QAnon and the Tale of America’s Subjective Reality

The rise of conspiracy theory communities on the Internet… And in American politics 

Conspiracy theories are not a new phenomenon. However, in today’s digital environment, their role and importance has drastically changed. While these movements were previously mainly confined to obscure and secluded forums of the Internet, they now proliferate and flourish anywhere from Twitter threads to subreddits where users gather to share their theories. The ubiquity of the Internet and the rise of social media lead to an acceleration of the information that enabled conspiracy theory groups to grow by spreading their ideas, turning what once were isolated movements into large communities of believers. Moreover, a crucial factor of the evolution of these movements has been the “crowd-sourcing” effect enabled by the Internet, which allows the followers themselves to contribute to the theories, expanding and shaping the narrative of these groups that are now sprawling into the offline world, most notably in the political sphere.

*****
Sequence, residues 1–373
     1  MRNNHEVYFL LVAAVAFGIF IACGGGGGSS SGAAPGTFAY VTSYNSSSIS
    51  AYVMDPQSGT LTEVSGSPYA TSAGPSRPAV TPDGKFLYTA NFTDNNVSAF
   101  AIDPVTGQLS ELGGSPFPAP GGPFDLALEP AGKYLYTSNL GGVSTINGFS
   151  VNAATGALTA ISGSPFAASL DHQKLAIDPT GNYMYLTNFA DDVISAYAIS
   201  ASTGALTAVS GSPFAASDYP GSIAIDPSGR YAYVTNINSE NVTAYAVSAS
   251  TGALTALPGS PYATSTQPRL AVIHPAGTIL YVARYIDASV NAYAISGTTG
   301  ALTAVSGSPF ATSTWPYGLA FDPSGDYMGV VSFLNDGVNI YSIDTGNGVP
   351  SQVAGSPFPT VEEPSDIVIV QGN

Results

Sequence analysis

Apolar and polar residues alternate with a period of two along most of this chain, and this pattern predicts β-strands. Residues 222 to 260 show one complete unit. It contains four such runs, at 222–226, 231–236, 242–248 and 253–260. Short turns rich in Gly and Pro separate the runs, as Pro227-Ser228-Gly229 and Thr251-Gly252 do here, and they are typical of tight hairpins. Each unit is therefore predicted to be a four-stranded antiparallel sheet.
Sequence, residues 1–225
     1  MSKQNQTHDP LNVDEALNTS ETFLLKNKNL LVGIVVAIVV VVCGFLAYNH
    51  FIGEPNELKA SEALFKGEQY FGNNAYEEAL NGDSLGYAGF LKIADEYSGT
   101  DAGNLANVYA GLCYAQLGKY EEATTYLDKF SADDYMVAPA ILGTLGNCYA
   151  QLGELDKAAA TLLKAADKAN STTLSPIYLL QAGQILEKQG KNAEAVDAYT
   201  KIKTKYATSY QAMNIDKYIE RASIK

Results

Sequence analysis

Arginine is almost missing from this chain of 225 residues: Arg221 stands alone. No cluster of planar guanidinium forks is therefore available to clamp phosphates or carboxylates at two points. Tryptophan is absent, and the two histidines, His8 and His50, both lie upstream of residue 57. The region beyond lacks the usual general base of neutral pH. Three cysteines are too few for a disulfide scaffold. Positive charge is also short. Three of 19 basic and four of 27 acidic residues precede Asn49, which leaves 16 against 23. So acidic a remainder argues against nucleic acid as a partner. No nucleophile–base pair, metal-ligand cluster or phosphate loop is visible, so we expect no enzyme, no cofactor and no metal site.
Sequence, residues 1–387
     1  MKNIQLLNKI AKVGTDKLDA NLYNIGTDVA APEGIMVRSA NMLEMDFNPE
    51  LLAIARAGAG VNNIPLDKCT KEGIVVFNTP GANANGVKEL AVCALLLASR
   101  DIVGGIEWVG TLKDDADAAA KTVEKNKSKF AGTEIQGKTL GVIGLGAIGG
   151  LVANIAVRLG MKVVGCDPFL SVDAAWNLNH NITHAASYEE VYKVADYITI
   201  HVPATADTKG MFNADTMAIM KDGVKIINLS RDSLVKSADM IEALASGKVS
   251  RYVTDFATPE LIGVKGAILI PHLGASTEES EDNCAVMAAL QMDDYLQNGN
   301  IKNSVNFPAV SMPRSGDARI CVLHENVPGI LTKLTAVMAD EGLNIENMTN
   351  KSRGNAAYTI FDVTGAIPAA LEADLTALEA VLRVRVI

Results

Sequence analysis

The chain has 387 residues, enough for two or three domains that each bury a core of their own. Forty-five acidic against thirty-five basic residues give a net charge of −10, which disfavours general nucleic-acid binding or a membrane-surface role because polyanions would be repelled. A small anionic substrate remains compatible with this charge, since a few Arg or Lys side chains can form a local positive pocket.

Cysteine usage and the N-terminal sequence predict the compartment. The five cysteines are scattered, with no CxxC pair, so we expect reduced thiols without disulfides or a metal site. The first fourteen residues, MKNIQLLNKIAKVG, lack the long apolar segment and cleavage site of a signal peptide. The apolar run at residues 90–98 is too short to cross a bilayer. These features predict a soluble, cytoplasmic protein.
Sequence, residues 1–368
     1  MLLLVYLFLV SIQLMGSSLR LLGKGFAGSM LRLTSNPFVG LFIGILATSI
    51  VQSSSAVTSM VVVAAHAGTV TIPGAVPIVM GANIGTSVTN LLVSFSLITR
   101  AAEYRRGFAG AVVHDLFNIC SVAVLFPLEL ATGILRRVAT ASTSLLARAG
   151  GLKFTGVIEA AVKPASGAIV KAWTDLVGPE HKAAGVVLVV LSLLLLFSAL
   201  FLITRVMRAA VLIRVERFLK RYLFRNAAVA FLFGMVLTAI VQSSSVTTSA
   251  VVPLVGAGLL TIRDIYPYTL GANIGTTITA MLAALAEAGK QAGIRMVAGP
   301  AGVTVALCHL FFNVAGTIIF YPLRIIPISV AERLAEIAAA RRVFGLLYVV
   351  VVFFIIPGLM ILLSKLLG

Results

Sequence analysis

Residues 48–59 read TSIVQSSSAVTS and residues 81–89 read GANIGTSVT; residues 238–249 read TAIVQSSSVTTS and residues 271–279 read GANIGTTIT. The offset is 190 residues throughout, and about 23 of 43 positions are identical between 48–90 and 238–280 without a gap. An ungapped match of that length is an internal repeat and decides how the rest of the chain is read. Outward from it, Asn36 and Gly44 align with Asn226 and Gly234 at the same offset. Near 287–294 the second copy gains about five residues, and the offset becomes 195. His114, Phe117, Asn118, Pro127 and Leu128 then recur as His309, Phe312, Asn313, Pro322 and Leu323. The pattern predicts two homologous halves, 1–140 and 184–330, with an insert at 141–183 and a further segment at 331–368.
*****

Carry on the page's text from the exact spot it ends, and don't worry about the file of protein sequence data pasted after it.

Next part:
A particularly illustrative example of this phenomenon is QAnon, once a fringe movement recently gone mainstream by relaying a plethora of false information about Covid-19, Black Lives Matter protests and the upcoming presidential election. 

But what exactly is QAnon, and where does it come from? The New York Times defines QAnon as the “umbrella term for a sprawling set of internet conspiracy theories that allege, falsely, that the world is run by a cabal of Satan-worshiping pedophiles who are plotting against Mr. Trump while operating a global child sex-trafficking ring.” It began in 2017 when an anonymous user referred to as “Q” started posting dark prophecies and mysterious riddles on 4chan, an anonymous forum notorious for being a toxic digital space where obscene memes and hoaxes emerge. Q predicted, wrongfully, the arrest of Hillary Clinton as well as a violent uprising in the United-States, and referred to sensitive affairs so that people would believe he was an intelligence officer or military official with Q clearance, an authorization granting access to top-secret data and restricted information.